Reflecting upon my jogging experience, I realised that I’d learned some lessons.  1) Keep it simple: On my first solo run, I’d planned a new route, somewhere I was only vaguely familiar with, and changed said route along the way.  Hence, resulting in my getting lost in the wilderness.  In American Studies, much study is given to the theory of the “wilderness” and “civilisation”, the “wilderness” deemed to be man’s place and “civilisation”, woman’s.  Was it wrong, when faced with the choice of heading back to the safety of civilisation, instead I continued on through the wilderness?  Returning to civilisation, only when necessary.  2) What is the second lesson, I ponder to myself?  I returned today with a great sense that I had learned several lessons.  I guess the second, is not to be so ambitious.  Perhaps that is the same as the first lesson.  I know this is a problem I have.  I get these fantastic ideas that I’m not always capable of carrying through.  But you know, I wouldn’t change a thing.  You don’t have ambition, and where does that get you?  I guess I will always end up taking the path of most resistance, and, sometimes, yes, it will hurt.  But that doesn’t mean it wasn’t worth the journey. ❤

Amendments to Never Say Never

A bit belated, but better late than never!  The eagle-eyed among you will know that CBT does not stand for Compulsory Bike Test.  Nor does it stand for Cabbage Bacon Tomato or Compulsory Bean Torture.  In fact, CBT means Compulsory Basic Training.  Thanks to my brother, Baz, for taking delight in pointing this out to me shortly after I published Never Say Never; apologies for only finally admitting to my err now.  An update on the bike – today I received my motorbike jacket, so now all I need are gloves and boots, then I’ll be set to go out on the roads and cause mayhem on my pink Vespa!!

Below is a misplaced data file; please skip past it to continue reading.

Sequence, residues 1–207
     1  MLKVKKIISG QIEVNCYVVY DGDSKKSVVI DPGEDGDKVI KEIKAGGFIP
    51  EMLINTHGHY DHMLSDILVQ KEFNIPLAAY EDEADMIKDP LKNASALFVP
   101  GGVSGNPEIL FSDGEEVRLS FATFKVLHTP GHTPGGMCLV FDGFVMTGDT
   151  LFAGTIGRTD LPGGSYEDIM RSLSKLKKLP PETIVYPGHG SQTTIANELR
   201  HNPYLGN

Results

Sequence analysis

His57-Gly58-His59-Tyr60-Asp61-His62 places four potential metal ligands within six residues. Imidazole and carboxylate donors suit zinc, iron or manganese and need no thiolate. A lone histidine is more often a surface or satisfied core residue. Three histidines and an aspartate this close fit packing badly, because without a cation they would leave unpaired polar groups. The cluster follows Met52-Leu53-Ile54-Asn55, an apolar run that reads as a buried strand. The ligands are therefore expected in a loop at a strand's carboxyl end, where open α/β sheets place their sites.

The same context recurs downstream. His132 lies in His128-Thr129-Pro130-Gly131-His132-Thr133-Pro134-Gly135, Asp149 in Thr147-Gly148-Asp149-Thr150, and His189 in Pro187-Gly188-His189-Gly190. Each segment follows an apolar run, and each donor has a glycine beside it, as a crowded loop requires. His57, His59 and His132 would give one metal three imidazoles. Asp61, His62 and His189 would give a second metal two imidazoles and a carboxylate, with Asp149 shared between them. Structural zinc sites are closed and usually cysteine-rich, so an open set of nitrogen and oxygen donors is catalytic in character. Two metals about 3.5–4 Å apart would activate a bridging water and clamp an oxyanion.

The ‘Why Can’t I Sleep?’ Blog

Captain’s log, star date 13 September 2012, 5:18am.  This isn’t the first time I’ve been awake at such a ridiculous hour.  It’s very rare these days that I am able to enjoy sleeping right through the night.  My six month old nephew sleeps longer than I do.  It doesn’t matter whether it’s 3am (and I must be lonely, in the words of Matchbox Twenty), 4am or 5am, these days, I wake up at a random hour, but just can’t get back to sleep.  Luckily for me, I am a Lady of Leisure, or so my Facebook profile says; most days I do not have to be out the house any earlier than 11am.  With the exception of Thursdays, where for the last few weeks I’ve been dragging my sorry ass out of my pit to sit in on Alex Lewczuk’s Midweek Drive Morning Edition show on Siren FM for 8am…well, 8:05 or 8:15.  Timekeeping is not my best quality.

So, anyway, I wake up at ridiculous o’clock, can’t sleep so end up reading a book, or doing a Puzzler, after firstly checking, in order, 1) Hotmail 2) Facebook 3) Twitter.  The only problem, of course, which isn’t really a problem, more of an “I love you but…”, is that with having so many international friends, if they see you on Facebook or Twitter, will inevitably strike up a conversation with you, which is fine for them at 11pm; not so much for me at 4am.  But, even without international friendly conversations, it is usually an hour or so which passes before I can switch off my lamp and go back to sleep, making it impossible to wake before, say, the more reasonable hour (for a Lady of Leisure), of 10am.